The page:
Before jumping into the technical part, let’s take a step back to discuss the issue of food insecurity on campus.

It is often surprising to people that some Duke students might struggle having access to food. After all, Duke is one of the richest campuses in the US with its 12 billion endowment, high tuition and substantial research grants. Prior to the covid-19 pandemic, this wealth could be seen on campus and benefit many. Every weekday, there were several conferences and events with free food. Me and many other graduate students would participate in these events, earning 3-4 free lunches every week. Free food on campus is now a thing of the past, for the most part.

However, free lunch or not, it’s important to realize the many financial challenges which students can face. International students on F-1 and J-1 visas have limited employment opportunities in the US. Many graduate students are married, have children or have other dependents which may not be eligible to work in the US either. Even if they are lucky enough to be paid a 9 or 12-month stipend, this stipend doesn’t go very far. For other students, going to Duke means living on a mixture of loans, financial aid, financial support from parents, and side jobs. Any imbalance in this rigid system can leave students having to compromise between their education and their health.

A 2019 study from the World Food Policy Center reported that about 19% of graduate and professional students at Duke experienced food insecurity in the past year. This means they were unable to afford a balanced and sufficient diet, they were afraid of not having enough money for food, or they skipped meals and went hungry due to lack of money. The GPSG Community Pantry has been leading efforts to expand food insecurity monitoring on campus – we are hoping to have more data in 2022 and in following years.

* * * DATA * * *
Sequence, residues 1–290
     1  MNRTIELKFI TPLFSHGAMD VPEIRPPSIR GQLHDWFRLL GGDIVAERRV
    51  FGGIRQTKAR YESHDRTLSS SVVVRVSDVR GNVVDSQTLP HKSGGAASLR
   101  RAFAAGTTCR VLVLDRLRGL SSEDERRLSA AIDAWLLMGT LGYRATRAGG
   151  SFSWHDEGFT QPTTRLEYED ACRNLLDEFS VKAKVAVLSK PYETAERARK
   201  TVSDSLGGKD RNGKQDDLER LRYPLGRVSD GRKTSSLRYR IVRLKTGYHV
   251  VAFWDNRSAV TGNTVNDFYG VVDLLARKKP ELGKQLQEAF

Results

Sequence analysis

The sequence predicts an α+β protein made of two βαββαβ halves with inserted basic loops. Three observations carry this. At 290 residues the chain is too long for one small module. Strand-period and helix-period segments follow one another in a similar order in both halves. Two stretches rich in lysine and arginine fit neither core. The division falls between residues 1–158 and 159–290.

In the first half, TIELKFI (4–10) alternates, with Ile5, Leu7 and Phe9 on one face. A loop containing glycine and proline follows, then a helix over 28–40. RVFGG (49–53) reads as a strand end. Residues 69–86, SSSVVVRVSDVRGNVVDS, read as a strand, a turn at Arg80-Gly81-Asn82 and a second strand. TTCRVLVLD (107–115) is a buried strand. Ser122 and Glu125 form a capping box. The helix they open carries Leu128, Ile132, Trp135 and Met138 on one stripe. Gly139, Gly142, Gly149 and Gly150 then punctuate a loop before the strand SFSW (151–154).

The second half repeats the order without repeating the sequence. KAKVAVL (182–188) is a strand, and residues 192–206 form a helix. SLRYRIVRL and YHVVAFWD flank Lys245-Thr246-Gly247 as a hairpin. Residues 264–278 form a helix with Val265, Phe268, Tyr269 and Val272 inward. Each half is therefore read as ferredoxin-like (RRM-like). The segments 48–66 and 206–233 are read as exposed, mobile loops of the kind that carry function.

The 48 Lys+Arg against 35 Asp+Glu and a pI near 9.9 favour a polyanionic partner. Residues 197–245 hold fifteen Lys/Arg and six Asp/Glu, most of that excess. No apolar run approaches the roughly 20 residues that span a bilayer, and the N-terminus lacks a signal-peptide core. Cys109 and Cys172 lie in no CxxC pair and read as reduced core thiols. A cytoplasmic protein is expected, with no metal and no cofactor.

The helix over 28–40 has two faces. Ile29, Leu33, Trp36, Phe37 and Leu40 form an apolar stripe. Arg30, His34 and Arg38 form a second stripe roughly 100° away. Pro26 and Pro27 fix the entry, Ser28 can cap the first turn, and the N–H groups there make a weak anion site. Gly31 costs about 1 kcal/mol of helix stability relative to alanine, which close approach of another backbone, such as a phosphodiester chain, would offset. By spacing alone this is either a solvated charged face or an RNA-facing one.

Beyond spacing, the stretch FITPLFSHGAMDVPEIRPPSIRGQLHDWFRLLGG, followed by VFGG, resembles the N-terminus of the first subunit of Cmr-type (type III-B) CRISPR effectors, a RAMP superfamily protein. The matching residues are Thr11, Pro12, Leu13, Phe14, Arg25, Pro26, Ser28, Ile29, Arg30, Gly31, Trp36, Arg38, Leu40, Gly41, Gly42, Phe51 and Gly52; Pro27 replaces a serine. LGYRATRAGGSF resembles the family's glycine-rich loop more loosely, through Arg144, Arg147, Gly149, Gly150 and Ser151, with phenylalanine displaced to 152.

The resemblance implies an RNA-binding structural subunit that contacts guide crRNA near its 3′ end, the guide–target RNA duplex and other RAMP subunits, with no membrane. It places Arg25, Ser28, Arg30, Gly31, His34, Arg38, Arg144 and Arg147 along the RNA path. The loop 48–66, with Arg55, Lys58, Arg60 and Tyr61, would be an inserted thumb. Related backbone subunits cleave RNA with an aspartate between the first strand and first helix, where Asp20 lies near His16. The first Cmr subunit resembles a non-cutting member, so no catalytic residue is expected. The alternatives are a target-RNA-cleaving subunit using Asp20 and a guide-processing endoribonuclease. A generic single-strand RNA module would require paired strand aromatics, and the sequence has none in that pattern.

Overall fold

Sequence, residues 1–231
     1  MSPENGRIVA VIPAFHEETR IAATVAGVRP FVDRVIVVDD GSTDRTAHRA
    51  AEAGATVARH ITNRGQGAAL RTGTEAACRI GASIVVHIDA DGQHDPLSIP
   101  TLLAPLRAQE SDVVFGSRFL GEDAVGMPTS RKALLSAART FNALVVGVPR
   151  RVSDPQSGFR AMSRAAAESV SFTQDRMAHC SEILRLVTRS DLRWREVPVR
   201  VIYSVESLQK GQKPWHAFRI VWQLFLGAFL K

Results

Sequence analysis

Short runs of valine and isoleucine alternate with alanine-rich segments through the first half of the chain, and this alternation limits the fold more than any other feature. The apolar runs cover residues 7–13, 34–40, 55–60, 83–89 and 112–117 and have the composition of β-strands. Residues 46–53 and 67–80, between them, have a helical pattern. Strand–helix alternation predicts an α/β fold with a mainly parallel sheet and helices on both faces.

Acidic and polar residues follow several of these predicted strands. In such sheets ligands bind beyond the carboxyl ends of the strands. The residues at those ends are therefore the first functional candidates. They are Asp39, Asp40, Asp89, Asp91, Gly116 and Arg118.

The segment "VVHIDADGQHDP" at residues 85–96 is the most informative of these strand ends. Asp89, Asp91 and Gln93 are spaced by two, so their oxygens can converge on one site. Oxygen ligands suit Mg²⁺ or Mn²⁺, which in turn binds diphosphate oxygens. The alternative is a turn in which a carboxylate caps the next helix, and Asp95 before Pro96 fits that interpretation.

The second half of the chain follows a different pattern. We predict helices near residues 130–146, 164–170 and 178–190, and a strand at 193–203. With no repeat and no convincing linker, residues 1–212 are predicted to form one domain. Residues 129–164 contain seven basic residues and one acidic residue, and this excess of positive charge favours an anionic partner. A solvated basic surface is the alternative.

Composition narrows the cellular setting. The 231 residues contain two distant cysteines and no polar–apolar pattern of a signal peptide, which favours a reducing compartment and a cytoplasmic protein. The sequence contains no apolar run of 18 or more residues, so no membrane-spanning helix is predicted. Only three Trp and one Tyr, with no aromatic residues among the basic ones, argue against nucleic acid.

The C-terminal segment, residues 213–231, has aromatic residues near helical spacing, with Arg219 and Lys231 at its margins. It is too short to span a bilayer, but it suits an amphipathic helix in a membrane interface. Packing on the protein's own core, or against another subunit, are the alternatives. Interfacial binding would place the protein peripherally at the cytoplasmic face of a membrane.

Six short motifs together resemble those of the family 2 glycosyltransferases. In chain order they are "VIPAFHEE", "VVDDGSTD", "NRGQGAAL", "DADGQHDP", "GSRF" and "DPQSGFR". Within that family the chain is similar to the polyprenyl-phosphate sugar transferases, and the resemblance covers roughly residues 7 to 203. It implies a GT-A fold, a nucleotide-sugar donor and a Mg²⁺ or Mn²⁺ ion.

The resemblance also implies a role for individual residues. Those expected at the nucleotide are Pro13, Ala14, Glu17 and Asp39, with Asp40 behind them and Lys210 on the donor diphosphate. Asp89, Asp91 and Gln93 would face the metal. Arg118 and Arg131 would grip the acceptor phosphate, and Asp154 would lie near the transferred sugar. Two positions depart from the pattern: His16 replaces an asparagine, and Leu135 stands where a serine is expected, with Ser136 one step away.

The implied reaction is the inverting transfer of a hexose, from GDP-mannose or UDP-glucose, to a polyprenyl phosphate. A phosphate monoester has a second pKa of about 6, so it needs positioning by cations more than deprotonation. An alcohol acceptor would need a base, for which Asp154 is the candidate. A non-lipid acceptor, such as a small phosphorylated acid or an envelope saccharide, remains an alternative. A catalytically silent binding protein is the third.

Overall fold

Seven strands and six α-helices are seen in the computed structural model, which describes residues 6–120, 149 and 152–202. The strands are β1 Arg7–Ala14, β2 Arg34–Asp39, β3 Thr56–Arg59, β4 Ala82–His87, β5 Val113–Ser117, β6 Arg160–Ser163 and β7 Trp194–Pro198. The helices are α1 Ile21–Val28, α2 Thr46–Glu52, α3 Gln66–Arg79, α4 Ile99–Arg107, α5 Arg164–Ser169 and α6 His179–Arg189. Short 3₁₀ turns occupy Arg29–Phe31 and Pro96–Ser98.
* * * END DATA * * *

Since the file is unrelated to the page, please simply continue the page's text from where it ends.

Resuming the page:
The bag order form contains email addresses which are highly reliable for linkage. If two records have the same email, we know for certain that they are from the same customer. However, customers do not always enter the same email address when submitting orders. Despite the request to use a Duke email address, some customers use personal emails. Furthermore, Duke email addresses have two forms. For instance, my duke email is both `ob37@duke.edu`

and `olivier.binette@duke.edu`

. Emails are therefore not sufficient for linkage. Phone numbers can be used as well, but these are only available for the period when home delivery was available.

First name and last initial can be used to supplement emails and phone numbers. Again, agreement on first name and last initial provides strong evidence for match. On the other hand, people do not always enter their names in the same way.

Combining the use of emails, phone numbers, and names, we may therefore link records which agree on any one of these attributes. This is a simple deterministic record linkage approach which should be reliable enough for the data analysis use of the pantry.

To be more precise, record linkage proceeds as follows:

Records are processed to clean and standardize the email, phone and name attributes. That is, leading and trailing whitespace are removed, capitalization is standardized, phone numbers are validated and standardized, and punctuation is removed from names.

Records which agree on any of their email, phone or name attributes are linked together.